The care of young people with mental health problems is suffering when the time comes for them to move to adult services in England, an inquiry says. The Healthcare Safety Investigation Branch (HSIB) said many young people experienced a difficult transition from child to adult care at exactly the time when they were most vulnerable. Its report recommended a more flexible approach to moving into adult services instead of having the cut-off at 18. Every year 25,000 make this transition. But as adult services often have different thresholds for providing support, delays can happen or young people can lose their support altogether. The HSIB – a new body set up to carry out no-blame investigations to help the NHS learn from mistakes – recommended a wider window so transition could take place gradually up to the age of 25. The investigation was sparked by the suicide of an 18-year-old shortly after moving from child to adult mental health services. It said the young man had been let down, with his child mental health service hampered by the pressure to pass him on to adult care. HSIB chief investigator Keith Conradi said: "This is a very important issue. Many young people still do not have a positive experience and, as a result, disengage from services." Sean Duggan, of the Mental Health Network, which represents services, said the health service was aware there were problems that needed to be addressed. "Patients must be at the centre of all our service," he added. The findings have been backed by those who have experienced the system. Tee spent two years in a mental health hospital in Northampton when her transition from child to adult services went wrong. "Eighteen is such a vulnerable age," she says. "I don't know why it is like this. Something has to be done."
The Trump administration has said 27 young migrant children are "not eligible for reunification" with their parents, according to a court filing. Twelve other children's mothers or fathers have already been deported from the US, said the government. "Legitimate logistical impediments" are delaying reunions for many of the 102 children under five years old who were taken from parents, US officials say. Nearly 3,000 children were split from undocumented adults entering the US. The government was bound by a court order to reunite children aged five and under by 10 July. The Department of Justice (DoJ) and American Civil Liberties Union's (ACLU) joint status report on Tuesday detailed why the 27 children cannot yet be reunited with their families. The parents of 10 children were being still held in criminal custody after crossing the US border without papers, and have yet to be fully assessed, said the report. Eight other children's parents have a "serious criminal history" including narcotics, human smuggling, murder and robbery. Two other children cannot be reunited with parents because of a possible threat of child abuse. Five children had been separated from adults who were not their parents. Another child's parent is being treated for a communicable illness. The location of another child's parent has been unknown for more than a year. Records show both parent and child might even be US citizens. Some 75 of the 102 separated children have been determined eligible to be reunited with their families, according to the Department of Health and Human Services (HHS). But as of Tuesday afternoon, the government said it had only reunited four of those children with their parents.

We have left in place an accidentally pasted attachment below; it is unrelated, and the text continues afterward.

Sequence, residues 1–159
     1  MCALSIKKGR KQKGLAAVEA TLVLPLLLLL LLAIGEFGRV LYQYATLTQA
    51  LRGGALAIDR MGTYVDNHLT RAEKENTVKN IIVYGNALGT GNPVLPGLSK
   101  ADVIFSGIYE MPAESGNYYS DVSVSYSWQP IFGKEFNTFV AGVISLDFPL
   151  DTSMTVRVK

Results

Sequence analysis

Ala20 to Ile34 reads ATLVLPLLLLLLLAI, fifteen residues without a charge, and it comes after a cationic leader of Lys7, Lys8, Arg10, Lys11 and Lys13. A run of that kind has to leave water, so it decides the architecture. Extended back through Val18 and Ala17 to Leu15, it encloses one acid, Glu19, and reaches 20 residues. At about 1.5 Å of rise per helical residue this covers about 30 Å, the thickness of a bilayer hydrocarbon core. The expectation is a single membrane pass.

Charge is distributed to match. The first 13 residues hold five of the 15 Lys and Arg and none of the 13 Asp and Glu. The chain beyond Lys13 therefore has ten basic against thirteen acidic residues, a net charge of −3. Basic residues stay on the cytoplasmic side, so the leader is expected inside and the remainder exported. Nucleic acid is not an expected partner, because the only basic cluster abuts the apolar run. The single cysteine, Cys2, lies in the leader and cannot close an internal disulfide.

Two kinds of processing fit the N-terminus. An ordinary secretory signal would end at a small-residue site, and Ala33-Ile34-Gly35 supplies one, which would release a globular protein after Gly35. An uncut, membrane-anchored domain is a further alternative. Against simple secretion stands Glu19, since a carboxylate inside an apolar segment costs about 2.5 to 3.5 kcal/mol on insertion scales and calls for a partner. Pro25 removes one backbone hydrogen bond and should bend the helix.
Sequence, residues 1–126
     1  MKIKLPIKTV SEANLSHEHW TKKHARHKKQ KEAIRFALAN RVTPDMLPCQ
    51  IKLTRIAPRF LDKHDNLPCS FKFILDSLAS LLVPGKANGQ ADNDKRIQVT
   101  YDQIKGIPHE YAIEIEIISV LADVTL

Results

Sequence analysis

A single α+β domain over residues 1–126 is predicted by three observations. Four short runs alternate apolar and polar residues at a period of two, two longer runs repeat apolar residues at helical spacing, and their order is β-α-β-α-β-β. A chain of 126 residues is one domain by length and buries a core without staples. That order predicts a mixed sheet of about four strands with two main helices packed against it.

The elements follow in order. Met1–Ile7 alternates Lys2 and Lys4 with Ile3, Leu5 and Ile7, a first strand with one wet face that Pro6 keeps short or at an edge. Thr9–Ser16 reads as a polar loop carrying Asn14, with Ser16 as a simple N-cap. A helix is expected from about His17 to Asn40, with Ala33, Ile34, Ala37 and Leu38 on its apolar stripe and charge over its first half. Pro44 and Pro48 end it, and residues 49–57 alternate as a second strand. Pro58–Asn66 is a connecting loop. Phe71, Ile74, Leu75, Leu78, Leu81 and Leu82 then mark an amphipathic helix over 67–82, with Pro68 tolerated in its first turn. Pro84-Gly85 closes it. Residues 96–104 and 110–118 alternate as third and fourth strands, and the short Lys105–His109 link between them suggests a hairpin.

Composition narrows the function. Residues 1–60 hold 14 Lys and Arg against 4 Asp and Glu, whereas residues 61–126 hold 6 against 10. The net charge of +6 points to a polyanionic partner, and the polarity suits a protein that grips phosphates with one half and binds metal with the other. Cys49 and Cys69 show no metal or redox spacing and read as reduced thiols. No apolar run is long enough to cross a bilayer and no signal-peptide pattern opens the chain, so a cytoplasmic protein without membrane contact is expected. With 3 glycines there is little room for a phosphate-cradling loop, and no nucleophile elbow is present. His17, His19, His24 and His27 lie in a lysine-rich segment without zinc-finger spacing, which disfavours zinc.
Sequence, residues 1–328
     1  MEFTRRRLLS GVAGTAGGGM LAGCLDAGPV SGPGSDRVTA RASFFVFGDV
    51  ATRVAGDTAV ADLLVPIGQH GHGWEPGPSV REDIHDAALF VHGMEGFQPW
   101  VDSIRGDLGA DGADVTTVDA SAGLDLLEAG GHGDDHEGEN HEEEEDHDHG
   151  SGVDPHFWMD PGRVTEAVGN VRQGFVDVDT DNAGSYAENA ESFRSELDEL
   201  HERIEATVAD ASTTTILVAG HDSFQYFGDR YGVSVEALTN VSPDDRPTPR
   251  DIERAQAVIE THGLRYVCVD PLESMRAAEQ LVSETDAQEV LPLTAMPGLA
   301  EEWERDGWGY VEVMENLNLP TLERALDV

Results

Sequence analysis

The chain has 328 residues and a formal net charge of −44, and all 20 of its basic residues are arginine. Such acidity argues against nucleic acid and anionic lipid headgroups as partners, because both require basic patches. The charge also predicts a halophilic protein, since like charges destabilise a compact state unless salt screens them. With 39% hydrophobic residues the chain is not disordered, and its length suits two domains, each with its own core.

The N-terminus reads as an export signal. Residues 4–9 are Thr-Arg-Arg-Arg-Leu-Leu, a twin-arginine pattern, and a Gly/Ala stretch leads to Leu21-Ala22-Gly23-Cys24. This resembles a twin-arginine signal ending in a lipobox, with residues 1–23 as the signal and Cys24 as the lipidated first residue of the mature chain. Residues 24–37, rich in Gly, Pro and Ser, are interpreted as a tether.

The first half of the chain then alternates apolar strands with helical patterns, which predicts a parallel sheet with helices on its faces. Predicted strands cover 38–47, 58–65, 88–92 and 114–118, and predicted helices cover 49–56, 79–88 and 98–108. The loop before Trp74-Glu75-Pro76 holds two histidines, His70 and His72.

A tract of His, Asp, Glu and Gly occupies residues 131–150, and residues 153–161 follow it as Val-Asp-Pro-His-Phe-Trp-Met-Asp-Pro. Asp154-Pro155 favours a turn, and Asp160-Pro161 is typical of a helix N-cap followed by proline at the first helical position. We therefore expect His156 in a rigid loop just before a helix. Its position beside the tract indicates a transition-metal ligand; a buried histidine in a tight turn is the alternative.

A new searchable, state-by-state database from the Juvenile Law Center catalogs the laws, policies and practices related to foster care for youth ages 18 and older. The Casey Foundation’s Jim Casey Youth Opportunities Initiative – which focuses on improving outcomes for emerging adults in the foster care system – supported the National Extended Foster Care Review as part of its ongoing commitment to share what works to help young people successfully transition to adulthood. Topics covered include rules on eligibility, reentry for older youth, case management services, court oversight and subsidies to encourage family permanence. The resource is a significant step in building a stronger case for expanding the length of care across the nation, allowing policymakers, advocates and state agencies to see what's working in other states and where they stand in comparison – and, ultimately, to use that information to make improvements within their own systems. “We know that continuing support through early adulthood leads to better long-term outcomes for youth in foster care across the board – from education and employment to financial and housing security,” says Todd Lloyd, a senior policy associate with the Foundation who supports the Jim Casey Initiative. “This database gives us our first comprehensive survey of the national policy landscape, which will enable us to identify what’s working and where we need to do better.” While 45 states have policies that extend foster care eligibility past age 18, only about half currently take advantage of federal Title IV-E funding – allocated by law since 2008 – to provide services to young adults. Increasing that number to include all states is an important goal of the Jim Casey Initiative. Access to these federal resources allows states to extend the duration, quality and scope of care for young people as they become young adults, which helps to create the conditions that lead to stability and connection.